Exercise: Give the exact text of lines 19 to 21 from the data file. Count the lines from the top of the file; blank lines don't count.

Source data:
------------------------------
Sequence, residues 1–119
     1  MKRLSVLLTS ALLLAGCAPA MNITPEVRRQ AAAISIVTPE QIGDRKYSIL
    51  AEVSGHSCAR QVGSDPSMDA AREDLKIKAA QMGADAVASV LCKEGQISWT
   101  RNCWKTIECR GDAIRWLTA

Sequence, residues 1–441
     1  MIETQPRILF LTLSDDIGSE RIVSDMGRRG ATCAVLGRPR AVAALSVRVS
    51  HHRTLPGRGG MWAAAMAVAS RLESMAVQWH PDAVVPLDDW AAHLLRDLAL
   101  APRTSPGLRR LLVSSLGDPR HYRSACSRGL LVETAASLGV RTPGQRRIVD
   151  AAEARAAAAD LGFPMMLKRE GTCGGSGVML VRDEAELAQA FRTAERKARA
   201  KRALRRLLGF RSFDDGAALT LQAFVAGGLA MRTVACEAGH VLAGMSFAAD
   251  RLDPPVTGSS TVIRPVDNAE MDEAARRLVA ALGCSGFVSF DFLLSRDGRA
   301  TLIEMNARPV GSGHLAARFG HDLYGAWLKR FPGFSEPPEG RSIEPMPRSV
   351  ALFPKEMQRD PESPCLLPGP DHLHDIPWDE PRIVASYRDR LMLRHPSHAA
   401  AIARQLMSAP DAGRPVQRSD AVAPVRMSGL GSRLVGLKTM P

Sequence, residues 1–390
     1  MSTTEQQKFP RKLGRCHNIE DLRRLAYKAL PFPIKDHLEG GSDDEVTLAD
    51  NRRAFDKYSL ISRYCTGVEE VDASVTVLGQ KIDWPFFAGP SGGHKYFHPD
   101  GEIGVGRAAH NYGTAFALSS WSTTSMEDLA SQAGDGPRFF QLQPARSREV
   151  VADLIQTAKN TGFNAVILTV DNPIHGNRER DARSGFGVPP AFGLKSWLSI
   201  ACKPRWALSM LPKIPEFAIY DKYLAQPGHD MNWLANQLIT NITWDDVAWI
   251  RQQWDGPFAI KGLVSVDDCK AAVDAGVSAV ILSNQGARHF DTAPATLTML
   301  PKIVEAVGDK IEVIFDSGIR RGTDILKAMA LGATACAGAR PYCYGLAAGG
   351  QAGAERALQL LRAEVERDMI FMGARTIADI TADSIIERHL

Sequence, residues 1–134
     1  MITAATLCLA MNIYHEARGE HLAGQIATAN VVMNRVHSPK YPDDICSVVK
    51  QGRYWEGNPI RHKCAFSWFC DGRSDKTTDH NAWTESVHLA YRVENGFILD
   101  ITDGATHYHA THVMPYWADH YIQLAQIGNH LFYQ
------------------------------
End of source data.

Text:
   151  VADLIQTAKN TGFNAVILTV DNPIHGNRER DARSGFGVPP AFGLKSWLSI
   201  ACKPRWALSM LPKIPEFAIY DKYLAQPGHD MNWLANQLIT NITWDDVAWI
   251  RQQWDGPFAI KGLVSVDDCK AAVDAGVSAV ILSNQGARHF DTAPATLTML